Elsewhere, someone quoted what was described as The Phena Sutra -- a bit of the Buddhist canon as compiled in the Tripitaka:
Rahula, develop a mind similar to space, when you develop a mind similar to space arisen contacts of like and dislike do not take hold of your mind and stay. Rahula, space does not settle anywhere. In the same manner develop a mind similar to space. When you develop a mind similar to space, arisen contacts of like and dislike do not take hold of the mind and stay.
And I could feel my impatience rising: C'mon, Gautama -- you don't have to say it over and over and over again!
But of course we do have to say it over and over and over again. Like clay, the message gets reworked and reworked and reworked ... repeated and repeated and repeated on behalf of those who have not yet made their minds up to act.
In the old days, there were no books and no TV and no internet. There was an oral tradition that benefited from repetition. But the repetition is just as necessary in the day of books and TV and the internet: Listeners may nod sagely and say "I understand" and pay homage to one thing or another ... but they are not listening in a way that betokens action. They are listening in a way that betokens belief.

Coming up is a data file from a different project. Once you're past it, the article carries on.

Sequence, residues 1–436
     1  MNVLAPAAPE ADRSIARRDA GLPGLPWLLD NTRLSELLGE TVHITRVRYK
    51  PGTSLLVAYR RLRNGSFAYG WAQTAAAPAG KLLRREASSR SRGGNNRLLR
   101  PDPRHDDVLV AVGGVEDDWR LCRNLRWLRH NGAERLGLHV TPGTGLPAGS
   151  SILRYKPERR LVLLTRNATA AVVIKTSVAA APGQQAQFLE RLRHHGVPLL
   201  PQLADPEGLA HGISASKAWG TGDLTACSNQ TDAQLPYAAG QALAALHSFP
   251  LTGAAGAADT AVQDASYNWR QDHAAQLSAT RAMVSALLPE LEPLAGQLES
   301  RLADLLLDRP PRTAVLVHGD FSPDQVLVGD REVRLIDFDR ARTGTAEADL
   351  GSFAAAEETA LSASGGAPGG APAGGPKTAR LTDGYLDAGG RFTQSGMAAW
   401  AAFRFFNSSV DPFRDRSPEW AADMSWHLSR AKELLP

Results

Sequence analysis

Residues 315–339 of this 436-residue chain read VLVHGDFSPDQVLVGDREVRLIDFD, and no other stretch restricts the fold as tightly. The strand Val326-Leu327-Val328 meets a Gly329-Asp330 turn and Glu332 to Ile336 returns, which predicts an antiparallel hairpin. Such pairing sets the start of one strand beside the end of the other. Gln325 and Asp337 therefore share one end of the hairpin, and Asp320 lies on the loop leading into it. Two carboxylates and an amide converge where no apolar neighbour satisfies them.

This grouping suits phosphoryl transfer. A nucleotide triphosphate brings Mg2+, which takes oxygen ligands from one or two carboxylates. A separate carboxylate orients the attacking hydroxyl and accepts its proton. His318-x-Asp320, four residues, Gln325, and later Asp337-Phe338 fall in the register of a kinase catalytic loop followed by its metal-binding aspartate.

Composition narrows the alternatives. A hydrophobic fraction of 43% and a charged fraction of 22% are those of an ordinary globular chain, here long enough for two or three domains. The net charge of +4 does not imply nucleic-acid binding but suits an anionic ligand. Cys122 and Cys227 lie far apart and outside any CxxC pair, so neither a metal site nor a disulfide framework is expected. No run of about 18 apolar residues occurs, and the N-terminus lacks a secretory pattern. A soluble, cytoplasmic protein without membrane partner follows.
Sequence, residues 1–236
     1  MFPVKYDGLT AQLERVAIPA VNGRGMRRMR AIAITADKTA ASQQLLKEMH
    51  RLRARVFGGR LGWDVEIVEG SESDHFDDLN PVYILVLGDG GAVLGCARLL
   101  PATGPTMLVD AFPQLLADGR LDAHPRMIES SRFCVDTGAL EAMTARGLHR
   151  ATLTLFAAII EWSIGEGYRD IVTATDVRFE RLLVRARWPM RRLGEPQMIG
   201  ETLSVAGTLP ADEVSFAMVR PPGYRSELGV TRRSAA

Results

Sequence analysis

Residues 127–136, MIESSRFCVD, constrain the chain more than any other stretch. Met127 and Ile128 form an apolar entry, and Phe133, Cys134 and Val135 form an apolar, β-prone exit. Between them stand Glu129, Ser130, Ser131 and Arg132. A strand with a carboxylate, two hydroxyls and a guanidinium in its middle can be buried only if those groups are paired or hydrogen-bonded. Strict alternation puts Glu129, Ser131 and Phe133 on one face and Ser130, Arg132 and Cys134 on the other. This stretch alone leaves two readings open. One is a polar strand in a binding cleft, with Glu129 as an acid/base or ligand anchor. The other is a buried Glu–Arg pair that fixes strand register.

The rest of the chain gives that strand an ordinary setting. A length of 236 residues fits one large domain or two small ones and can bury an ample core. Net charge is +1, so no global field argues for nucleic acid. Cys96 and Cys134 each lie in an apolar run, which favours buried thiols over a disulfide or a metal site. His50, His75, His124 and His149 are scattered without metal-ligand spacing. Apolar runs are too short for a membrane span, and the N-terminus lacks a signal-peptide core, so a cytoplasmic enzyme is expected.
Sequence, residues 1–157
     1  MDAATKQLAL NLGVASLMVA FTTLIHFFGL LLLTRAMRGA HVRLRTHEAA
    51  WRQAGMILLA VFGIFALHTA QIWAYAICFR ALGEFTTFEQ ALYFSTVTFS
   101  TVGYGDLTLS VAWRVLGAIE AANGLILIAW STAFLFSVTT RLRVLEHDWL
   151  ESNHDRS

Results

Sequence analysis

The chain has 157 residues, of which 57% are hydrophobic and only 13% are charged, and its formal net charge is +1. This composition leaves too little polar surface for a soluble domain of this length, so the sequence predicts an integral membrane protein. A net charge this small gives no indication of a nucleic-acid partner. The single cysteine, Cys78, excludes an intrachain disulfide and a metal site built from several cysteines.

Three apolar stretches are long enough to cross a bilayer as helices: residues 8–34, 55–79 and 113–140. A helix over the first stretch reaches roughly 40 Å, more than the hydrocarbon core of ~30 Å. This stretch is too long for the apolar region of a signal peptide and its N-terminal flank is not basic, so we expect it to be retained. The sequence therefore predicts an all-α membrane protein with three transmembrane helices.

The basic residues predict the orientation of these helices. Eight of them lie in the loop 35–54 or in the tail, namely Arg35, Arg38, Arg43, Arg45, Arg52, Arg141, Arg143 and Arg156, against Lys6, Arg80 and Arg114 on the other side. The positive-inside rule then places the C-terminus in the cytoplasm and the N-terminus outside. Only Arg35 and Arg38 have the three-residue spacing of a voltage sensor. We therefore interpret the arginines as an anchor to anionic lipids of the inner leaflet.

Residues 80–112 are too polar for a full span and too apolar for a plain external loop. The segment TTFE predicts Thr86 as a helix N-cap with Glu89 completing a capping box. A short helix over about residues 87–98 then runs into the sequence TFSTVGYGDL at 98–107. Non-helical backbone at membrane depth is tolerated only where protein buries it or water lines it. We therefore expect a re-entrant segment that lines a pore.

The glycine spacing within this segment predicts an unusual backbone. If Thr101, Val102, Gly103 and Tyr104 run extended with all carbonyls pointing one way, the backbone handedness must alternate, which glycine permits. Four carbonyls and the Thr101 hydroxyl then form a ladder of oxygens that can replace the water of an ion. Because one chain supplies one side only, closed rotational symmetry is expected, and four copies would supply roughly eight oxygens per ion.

This is not a criticism. It is just an observation. I have heard the latest Dalai Lama, a good expositor of Dharma teachings, do precisely the same thing ... over and over and over again. Ditto Zen teachers I have encountered ... over and over and over again: Same shit, different day.
I guess as the willingness to take action -- to investigate and find out for yourself -- gains some footing, the need for belief-talk tends to dwindle. And likewise we can gauge our own position -- GPS-fashion -- by the affection we have for belief-talk.
Sometimes belief-talk is OK.
Sometimes it just fouls the air.
Your life, your choice.